The publication of the Spanish translation of the article “Breaking the News?” in a Facebook group dedicated to photography has aroused some controversy, especially among certain street photographers who were outraged by the term “depredatory” in relation to the attitude of the street photographer.
I think it offers no doubt that the street, as a public space, is a place of visual exploration par excellence, where the gaze – with and without camera – continually seeks the unexpected, the surprising. In the street we are alert to what is happening around us, and of this we know well who is moving through the crowded streets of the big cities. The street is, in a certain sense, hostile terrain, and strategies of “survival” are imposed. Children are required to be prudent and caution advises the old man. The use of cameras requires prudence – especially with the growing concern for the right to one’s own image – and a photographer who wishes to include people in his street images will have to develop certain strategies. There are many sites on the Internet that offer the best tricks and techniques for the photographer, and I have no doubt that serious photographers have a code of ethics and conduct. This does not detract an inch of veracity from the affirmation of the “predatory” attitude – add if you want the adjective “visual” – of those who photograph in the street: we go out to the street to look for the opportunity, the decisive moment, the confluence of visual circumstances that allow us a good shot. It will be to the carelessness or with the consent of the person, but it requires to put oneself in situation, to be attentive to identify that which allows to construct that the photographer’s intention has decided. The attitude is not very different from the animal – predator – that explores and waits for the opportunity to get its food. Evidently the term has pejorative connotations and the generalization may have been what has bothered rather than prompted the debate… The questions simply went unnoticed.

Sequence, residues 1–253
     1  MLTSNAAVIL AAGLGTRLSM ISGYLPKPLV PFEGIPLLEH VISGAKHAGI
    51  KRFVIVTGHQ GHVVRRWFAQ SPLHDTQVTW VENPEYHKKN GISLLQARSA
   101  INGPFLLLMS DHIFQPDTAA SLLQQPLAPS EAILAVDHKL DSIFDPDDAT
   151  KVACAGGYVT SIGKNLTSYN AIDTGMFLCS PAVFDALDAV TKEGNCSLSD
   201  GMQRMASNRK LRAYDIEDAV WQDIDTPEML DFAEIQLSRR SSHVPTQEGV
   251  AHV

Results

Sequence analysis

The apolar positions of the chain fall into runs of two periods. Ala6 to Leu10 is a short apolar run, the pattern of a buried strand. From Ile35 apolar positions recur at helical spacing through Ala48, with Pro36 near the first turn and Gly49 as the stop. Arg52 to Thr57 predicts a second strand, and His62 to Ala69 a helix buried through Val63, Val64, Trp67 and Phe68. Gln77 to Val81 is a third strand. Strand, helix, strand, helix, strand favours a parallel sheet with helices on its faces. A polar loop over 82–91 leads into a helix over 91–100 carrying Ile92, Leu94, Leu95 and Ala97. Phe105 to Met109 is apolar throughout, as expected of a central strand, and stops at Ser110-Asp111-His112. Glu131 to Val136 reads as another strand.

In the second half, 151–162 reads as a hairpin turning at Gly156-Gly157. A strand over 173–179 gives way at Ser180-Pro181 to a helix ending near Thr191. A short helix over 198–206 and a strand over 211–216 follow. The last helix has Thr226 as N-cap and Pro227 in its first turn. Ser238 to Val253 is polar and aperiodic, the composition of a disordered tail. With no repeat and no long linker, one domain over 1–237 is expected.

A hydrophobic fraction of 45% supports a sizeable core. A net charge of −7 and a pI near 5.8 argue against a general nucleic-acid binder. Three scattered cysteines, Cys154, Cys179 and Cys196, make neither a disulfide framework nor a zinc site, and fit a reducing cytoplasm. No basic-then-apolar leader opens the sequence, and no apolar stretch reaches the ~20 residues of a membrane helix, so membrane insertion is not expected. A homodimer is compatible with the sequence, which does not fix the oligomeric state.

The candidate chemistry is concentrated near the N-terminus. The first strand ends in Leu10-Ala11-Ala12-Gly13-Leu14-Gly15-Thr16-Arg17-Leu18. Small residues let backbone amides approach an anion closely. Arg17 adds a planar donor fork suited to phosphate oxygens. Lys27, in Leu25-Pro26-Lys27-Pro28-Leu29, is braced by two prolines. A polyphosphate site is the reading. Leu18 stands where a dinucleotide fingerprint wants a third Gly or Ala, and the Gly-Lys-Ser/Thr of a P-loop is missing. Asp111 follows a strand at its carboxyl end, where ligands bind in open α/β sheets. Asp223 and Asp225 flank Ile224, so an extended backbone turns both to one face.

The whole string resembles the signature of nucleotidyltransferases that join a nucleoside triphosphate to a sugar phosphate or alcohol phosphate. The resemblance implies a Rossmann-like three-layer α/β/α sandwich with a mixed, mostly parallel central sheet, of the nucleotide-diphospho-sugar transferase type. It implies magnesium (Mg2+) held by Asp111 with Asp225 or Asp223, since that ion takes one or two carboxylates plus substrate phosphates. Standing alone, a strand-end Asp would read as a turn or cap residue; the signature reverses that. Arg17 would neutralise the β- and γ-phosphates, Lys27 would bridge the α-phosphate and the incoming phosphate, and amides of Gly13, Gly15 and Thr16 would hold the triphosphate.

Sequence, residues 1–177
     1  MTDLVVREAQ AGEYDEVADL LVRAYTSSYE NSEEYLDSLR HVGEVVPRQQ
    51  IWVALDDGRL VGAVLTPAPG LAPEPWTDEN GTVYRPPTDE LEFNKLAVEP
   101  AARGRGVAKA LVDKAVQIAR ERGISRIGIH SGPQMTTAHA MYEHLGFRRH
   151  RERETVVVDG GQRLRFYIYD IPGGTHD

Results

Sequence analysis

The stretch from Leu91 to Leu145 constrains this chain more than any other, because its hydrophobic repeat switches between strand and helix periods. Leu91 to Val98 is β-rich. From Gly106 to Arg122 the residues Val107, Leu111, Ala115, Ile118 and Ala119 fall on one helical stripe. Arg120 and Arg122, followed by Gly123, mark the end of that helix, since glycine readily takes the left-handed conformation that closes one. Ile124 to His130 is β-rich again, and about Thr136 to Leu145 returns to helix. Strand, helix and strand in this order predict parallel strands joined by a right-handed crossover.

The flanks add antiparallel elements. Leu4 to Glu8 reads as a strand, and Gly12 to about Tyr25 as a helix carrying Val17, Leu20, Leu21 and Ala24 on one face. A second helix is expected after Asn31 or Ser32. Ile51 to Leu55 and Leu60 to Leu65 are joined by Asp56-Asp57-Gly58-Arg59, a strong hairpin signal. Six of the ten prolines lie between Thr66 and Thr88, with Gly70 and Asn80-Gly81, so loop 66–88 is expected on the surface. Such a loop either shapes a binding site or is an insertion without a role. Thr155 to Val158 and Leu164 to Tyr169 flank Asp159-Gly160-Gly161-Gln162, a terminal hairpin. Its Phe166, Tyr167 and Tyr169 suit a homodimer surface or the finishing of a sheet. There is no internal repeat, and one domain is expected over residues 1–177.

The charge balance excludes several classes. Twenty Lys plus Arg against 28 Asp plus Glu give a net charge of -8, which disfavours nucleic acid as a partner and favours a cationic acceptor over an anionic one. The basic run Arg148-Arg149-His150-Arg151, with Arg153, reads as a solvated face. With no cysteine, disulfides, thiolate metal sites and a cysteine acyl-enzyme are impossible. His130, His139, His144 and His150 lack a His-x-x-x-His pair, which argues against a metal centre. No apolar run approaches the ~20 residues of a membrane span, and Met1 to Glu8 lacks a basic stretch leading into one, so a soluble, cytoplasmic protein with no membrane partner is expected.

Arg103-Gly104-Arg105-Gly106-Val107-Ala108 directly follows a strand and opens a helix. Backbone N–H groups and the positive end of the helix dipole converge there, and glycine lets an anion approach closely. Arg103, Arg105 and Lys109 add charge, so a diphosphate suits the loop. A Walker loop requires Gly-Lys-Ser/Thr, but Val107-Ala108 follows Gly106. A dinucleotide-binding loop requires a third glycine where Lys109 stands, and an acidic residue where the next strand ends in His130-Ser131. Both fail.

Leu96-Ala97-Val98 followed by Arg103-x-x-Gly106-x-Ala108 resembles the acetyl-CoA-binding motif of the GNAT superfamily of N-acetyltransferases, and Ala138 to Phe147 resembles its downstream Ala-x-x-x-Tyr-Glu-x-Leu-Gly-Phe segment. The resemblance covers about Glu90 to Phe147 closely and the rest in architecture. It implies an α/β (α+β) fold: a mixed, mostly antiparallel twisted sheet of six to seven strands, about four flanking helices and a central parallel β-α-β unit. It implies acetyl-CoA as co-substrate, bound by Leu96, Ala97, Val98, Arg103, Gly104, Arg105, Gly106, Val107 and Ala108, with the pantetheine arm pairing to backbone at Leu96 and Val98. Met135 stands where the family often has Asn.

“…there is something predatory in the act of taking a picture. To photograph people is to violate them, by seeing them as they never see themselves, by having knowledge of them that they can never have; it turns people into objects that can be symbolically possessed.” Susan Sontag
Some users comments:
I don’t think it’s right to use a specific event as a weapon against street photography. It’s one thing to criticize empathy, ethics, etc. in certain situations, it’s quite another to generalize just like that. Some documentary photographers take advantage in this sense when they photograph others in extreme situations?
If there is something that reconciles and empathizes you with the human being, it is precisely the street photo. I think Blas that you speak from the ignorance of this type of photographic modality.
These kinds of questions, or similar ones, should be asked by each photographer before taking / distributing his image, practice whatever genre it is. The responsibility of the image demands it.
Tell me what would be the history of photography or our own history without those street photographers who repel you so much… I’m telling you… NA-DA! There would be no witness of these societies, but Robert Frank, Blossu, Cartier-Bresson, Alex Webb, Trent Park, I could make an endless list… all of them are not called visual predators, nor unscrupulous people, nothing of what has been explained in this post has to do with street photography, more have to do with the ghosts that some feed on the subject and so it goes… they really give me more strength if you can!